Irish-American Author Christopher Conway to discuss his new book May 9

Christopher Conway
Christopher Conway

April 25, 2013 - Christopher Conway, an Irish-American author, will discuss and sign his new book "The Road to God Knows Where," from 5:30-7 p.m. on Thursday, May 9, at Ireland's Great Hunger Museum at Quinnipiac University, 3011 Whitney Ave. This event, sponsored by Charter Oak Insurance and Financial Services, is free and open to the public, but reservations are required. Please RSVP by calling 203-582-6500.

For American Jimmy Dwyer, a character in "The Road to God Knows Where," the mission to spread his recently-deceased father's ashes off the majestic Cliffs of Moher on the west coast of Ireland sets in motion a journey of reflection. He travels far north to the town of Killybegs, his family's ancestral home, in search of his estranged older brother, Jack, in hopes of bringing him home to be with their ailing mother. Jimmy's trip up the foreboding coast forces him to reflect on the bittersweet memories of his childhood family vacations to Ireland. With doubts of the future of his family, Jimmy looks to the shadows of the past for answers.

"The Road to God Knows Where,' is in many ways my love letter to Ireland," Conway said. "My goal was to write a novel that captured the essences of the Irish-American experience in Ireland. I wanted to tell a story that focused on the people and the culture of Ireland without dealing with the typical themes of Irish stories such as The Famine, The Troubles - alcoholism or abuse. The importance of family is at the heart of my novel."

A wine and cheese reception will follow Conway's lecture and book signing.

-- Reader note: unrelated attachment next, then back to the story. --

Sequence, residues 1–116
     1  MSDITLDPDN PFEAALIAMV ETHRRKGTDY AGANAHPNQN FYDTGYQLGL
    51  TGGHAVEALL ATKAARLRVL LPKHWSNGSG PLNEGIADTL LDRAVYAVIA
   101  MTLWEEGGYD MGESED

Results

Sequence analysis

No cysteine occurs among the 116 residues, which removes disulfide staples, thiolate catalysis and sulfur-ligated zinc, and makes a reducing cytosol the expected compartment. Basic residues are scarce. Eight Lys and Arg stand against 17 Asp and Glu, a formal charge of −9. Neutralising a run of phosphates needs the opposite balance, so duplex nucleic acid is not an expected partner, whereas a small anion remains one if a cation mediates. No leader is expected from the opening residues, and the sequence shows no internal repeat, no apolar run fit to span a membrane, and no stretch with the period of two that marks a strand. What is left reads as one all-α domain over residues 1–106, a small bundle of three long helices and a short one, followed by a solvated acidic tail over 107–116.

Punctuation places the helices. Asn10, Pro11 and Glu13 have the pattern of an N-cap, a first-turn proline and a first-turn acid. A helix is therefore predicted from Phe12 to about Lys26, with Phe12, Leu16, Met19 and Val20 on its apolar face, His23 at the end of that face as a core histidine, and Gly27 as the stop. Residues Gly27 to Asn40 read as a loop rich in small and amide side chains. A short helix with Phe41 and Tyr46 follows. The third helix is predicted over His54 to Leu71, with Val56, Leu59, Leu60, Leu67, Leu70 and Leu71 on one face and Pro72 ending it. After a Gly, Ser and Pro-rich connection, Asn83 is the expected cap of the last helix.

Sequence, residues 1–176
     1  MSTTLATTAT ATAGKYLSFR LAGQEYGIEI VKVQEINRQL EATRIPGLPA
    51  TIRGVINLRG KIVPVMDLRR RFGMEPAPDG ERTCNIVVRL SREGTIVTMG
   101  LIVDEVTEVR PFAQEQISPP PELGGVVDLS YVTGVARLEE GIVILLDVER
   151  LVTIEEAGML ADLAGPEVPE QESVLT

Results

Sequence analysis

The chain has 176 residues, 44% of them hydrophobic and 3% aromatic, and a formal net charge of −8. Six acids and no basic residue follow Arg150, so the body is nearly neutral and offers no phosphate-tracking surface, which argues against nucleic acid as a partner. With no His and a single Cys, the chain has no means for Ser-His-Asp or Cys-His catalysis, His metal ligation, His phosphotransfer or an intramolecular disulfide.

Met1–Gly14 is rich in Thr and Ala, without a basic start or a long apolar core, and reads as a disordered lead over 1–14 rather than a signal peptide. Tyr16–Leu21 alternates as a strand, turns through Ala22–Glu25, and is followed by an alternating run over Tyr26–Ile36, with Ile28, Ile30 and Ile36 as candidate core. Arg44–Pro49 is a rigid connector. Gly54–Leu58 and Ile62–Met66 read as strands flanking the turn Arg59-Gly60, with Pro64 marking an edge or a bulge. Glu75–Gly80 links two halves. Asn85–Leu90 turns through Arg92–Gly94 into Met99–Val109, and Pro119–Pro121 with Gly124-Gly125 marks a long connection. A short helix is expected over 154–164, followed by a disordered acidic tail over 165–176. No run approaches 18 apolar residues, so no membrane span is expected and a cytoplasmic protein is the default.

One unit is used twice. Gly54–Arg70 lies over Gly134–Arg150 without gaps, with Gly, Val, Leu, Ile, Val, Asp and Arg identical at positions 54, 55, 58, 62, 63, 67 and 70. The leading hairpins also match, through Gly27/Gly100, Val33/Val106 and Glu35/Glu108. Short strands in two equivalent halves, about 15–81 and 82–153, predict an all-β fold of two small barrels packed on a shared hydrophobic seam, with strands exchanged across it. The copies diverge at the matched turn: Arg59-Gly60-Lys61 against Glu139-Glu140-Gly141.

Born in New York City, Conway is a graduate of Sacred Heart University and has done graduate studies at NYU-Tisch School of the Arts and Trinity College, Dublin. He has written articles and published photographs in numerous publications. He lives in Southington with his wife Colleen and son Desmond. "The Road to God Knows Where" is his first novel.

Ireland's Great Hunger Museum is home to the world's largest collection of visual art, artifacts and printed materials relating to the Irish Famine. The museum preserves, builds and presents its art collection in order to stimulate reflection, inspire imagination and advance awareness of Ireland's Great Hunger and its long aftermath on both sides of the Atlantic.

The collection focuses on the famine years from 1845-52, when blight destroyed virtually all of Ireland's potato crops for consecutive years. The crop destruction, coupled with British governmental indifference to the plight of the Irish, who at the time were part of the United Kingdom, resulted in the deaths of more than 1 million Irish men, women and children and the emigration of more than 2 million to nations around the world. This tragedy occurred even though there was more than adequate food in the country to feed its starving populace. Exports of food and livestock from Ireland actually increased during the years of the Great Hunger.

Works by noted contemporary Irish artists are featured at the museum including internationally known sculptors John Behan, Rowan Gillespie and Eamonn O'Doherty; as well as contemporary visual artists, Robert Ballagh, Alanna O'Kelly Brian Maguire and Hughie O'Donoghue. Featured paintings include several important 19th and 20th‐century works by artists such as James Brenan, Daniel MacDonald, James Arthur O'Connor and Jack B. Yeats.

The museum is open Wednesdays 10 a.m. to 5 p.m.; Thursdays 10 a.m. to 7 p.m.; Fridays and Saturdays 10 a.m. to 5 p.m.; and Sundays 1-5 p.m.